Green politics is not restricted to environmental issues contrary to the common belief. Greens are seeking ways of dealing with causes of the growing human problems and challenges. Greens are also advocating for sustainable ideas on the social, political and economic arena. The code of sustainability as a condition for survival is a wide strategy envisaging change in all facets of human existence (Wissenburg, 1998).

Green theory draws our attention to the fact that separates attempts to clean up our environment or save our ecological units from extinction to provide the solution to our irresponsible ecological practices that have jeopardized the well-being of the current and future generations of life in the planet (Dave 2000).

Green thinking is also different from other political theories in the view that human beings are constituents of nature and the spontaneity of humans has explanatory and normative significance for the political theory (Wissenburg 1998). However, as an emerging theory, the greens still have to provide clarification of their positions regarding a number of subjects.

For example, the greens are well known for their dedication to decentralized democracy. Up to now, the greens support social organizations in undersized, decentralized communities, where straight democracy is followed. Nonetheless, it remains to be seen if the decentralized systems certainly results to a more democratic and equitable society (William 2003).

Green theory mainly relies on scientific theories relating to the physical world in its formulation of the theory of nature and the place of humans in nature. The green concept of nature draws its facts from the 20th century scientific understanding of the universe, which has made the universe more complex than before. Therefore, the green theory signifies a complete novel approach to the concepts of nature and the goal of an environmentally sound society (Leslie 1999).

Green and Liberal ideology

According to Terrence & Dagger (2003), ideologies originate out of a crisis. The 20th century has seen wanton destruction of the planet’s ecology. Liberal ideology explains the environmental crisis in terms of individual, personal property and market interrelations. According to the liberal ideology, individuals should be free to chase their interests and free of state interference, particularly in their private economic activities.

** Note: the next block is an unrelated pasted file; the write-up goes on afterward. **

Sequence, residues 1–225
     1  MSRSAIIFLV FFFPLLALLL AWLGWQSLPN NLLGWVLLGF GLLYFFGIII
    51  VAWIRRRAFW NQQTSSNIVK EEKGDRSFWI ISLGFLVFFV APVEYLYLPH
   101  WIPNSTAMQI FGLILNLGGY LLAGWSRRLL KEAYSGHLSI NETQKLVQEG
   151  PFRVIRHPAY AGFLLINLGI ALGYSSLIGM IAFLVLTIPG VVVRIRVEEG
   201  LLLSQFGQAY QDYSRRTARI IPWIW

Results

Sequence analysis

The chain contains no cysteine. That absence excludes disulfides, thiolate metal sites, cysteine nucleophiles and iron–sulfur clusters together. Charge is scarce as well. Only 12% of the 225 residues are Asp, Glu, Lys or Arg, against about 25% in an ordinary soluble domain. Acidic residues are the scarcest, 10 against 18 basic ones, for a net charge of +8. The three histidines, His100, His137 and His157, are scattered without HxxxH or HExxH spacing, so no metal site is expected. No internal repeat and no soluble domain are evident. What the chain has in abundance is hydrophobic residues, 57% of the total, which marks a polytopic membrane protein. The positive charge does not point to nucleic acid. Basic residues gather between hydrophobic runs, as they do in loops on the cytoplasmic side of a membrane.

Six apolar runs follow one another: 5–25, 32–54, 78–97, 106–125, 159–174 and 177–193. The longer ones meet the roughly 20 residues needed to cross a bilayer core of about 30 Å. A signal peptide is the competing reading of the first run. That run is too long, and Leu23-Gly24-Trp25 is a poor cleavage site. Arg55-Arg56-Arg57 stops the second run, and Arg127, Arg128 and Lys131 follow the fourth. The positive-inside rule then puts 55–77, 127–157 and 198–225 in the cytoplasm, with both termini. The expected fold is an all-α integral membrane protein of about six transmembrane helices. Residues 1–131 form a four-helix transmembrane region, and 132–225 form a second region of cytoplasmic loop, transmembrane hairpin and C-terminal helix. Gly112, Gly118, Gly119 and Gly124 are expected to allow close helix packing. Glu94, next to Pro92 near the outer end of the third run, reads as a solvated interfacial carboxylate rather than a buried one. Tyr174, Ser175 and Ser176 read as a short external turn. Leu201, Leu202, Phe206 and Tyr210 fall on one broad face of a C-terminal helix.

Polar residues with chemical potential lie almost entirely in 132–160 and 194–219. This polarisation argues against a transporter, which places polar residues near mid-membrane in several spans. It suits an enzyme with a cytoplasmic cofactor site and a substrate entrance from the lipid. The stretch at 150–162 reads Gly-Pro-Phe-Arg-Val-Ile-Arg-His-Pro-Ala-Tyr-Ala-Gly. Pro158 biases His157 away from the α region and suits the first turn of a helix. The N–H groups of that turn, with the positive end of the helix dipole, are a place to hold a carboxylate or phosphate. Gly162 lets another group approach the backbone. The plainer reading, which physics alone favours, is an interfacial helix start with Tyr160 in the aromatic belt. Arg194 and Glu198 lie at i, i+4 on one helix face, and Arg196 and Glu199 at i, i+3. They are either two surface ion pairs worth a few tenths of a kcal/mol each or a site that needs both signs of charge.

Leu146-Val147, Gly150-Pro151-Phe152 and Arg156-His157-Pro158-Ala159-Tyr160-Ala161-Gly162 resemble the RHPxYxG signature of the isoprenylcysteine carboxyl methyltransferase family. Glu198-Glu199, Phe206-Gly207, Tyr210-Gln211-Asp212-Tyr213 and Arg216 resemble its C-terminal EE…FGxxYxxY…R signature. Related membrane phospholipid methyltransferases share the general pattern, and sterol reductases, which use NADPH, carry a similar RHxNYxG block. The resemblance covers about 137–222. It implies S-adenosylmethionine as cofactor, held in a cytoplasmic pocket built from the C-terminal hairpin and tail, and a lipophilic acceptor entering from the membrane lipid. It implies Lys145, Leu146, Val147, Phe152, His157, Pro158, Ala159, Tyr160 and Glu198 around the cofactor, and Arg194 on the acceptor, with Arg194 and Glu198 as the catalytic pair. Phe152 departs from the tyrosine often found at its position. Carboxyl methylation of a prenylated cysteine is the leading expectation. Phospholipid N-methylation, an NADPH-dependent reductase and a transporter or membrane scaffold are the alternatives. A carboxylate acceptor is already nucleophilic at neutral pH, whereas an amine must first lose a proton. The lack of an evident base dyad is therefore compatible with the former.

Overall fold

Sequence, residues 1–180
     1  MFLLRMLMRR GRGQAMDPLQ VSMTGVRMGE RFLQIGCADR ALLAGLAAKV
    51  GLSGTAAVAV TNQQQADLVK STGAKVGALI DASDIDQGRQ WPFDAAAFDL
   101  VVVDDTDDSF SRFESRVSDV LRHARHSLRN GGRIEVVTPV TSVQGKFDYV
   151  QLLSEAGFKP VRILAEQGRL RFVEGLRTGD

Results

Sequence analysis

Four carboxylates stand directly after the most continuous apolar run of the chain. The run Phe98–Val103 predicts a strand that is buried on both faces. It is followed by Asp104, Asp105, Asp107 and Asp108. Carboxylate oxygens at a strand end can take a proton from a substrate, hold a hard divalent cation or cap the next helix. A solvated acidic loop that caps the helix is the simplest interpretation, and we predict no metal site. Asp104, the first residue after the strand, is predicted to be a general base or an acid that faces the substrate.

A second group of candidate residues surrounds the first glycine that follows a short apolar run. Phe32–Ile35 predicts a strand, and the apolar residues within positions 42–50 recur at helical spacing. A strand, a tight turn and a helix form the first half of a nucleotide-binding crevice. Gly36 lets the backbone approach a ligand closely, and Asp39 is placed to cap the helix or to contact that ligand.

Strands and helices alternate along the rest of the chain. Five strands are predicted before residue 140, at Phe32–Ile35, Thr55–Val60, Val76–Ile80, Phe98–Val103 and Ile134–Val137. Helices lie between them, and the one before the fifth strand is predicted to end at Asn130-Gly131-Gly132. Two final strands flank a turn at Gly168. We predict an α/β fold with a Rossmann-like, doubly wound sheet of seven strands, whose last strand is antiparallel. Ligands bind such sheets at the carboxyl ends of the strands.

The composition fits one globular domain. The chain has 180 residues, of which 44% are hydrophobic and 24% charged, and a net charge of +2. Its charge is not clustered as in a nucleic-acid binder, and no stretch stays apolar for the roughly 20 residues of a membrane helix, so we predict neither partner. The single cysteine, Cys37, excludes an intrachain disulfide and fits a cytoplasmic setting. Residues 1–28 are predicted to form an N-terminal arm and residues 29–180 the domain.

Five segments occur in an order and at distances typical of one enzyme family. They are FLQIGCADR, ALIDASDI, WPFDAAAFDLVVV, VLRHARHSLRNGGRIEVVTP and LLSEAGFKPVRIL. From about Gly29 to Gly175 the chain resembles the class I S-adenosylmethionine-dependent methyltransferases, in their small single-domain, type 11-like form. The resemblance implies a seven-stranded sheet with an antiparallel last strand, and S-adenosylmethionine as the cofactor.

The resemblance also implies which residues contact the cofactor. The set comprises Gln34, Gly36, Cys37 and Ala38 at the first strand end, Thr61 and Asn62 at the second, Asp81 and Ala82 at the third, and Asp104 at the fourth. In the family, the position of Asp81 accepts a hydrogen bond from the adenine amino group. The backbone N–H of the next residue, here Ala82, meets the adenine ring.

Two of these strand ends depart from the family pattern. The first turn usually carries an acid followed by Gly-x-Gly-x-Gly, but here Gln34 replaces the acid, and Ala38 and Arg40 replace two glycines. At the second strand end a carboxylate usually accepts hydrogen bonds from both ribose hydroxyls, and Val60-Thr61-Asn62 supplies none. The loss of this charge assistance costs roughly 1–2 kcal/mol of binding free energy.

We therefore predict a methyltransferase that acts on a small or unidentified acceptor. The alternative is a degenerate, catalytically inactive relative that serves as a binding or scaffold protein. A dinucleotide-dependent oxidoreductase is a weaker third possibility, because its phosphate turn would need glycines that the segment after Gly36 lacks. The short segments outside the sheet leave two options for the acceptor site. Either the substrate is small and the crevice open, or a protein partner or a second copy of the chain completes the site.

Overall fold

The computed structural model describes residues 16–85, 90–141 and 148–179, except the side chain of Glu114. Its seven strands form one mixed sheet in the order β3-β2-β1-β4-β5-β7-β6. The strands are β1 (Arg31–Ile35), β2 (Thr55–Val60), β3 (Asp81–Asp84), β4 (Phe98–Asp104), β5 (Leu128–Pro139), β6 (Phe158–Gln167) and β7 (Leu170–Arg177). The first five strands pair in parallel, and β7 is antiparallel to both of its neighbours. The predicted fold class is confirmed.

Individual economic activities on a liberal perspective emphasizes on optimizing private material benefits. This behavior is natural, since human beings are naturally self-centered and interested in their own gains. This behavior, according to the liberal ideology does not contribute to ecological destruction since capitalist economy does not tolerate wastefulness and inefficiency (Terrence & Dagger 2003).

Liberalist view wastage of common resources in a capitalist economy not as a crisis but as a probable outcome. In case of environmental degradation, ecological resources should be privatized and its use controlled by the market forces. According to the principles of liberal ideology, the remedy for environmental crisis is privatization and non-regulation of the natural resource utilization (Terrence & Dagger 2003). Liberalist believe escalated demand for a particular resource will increase its value and cost and therefore slow down its usage to the uttermost efficient level (Robin 2001).

Conversely, green ideology provides a different explanation to the fundamental basis for the ecological crisis. The perseverance of an ecological crisis, despite of privatization and deregulations of the use of ecological resources, have shown some weakness on the liberal ideology. Green ideologists believe that all our problems for most part results from our intellectual relationship with the surrounding and the practices that stem from our acquired knowledge.

According to the greens, anthropocentrism is the major cause of imbalance between human beings and the rest of the natural world (Terrence & Dagger 2003, Eckerseley 2001). Anthropocentrism has resulted to disregard for nature and motivated the growth of unsustainable economy. Both liberal and green ideology explains the causes of the environmental crisis and provides their analysis of the situation and set strategies to address the same (Porritt 2000).

From the liberal ideology, economic growth is viewed positively and is seen as the necessary factor for maintaining high consumption level, which is tantamount to higher social mobility. However, the green ideology views economic growth as increase in exploitation of natural resources, thus harmful to the ecology, human health and does not represent upward social mobility (Pearson 2000).

Greens do not totally condemn industrialization, but opposes the high level of activity emerging from industrialization aimed at achieving rapid economic growth, increased consumption and large-scale production. Instead, greens are advocating for localized economies where individuals can asses their impact on environment and implementation of modified lifestyles that are less destructive to the environment (Porritt 2000).

Green liberal solutions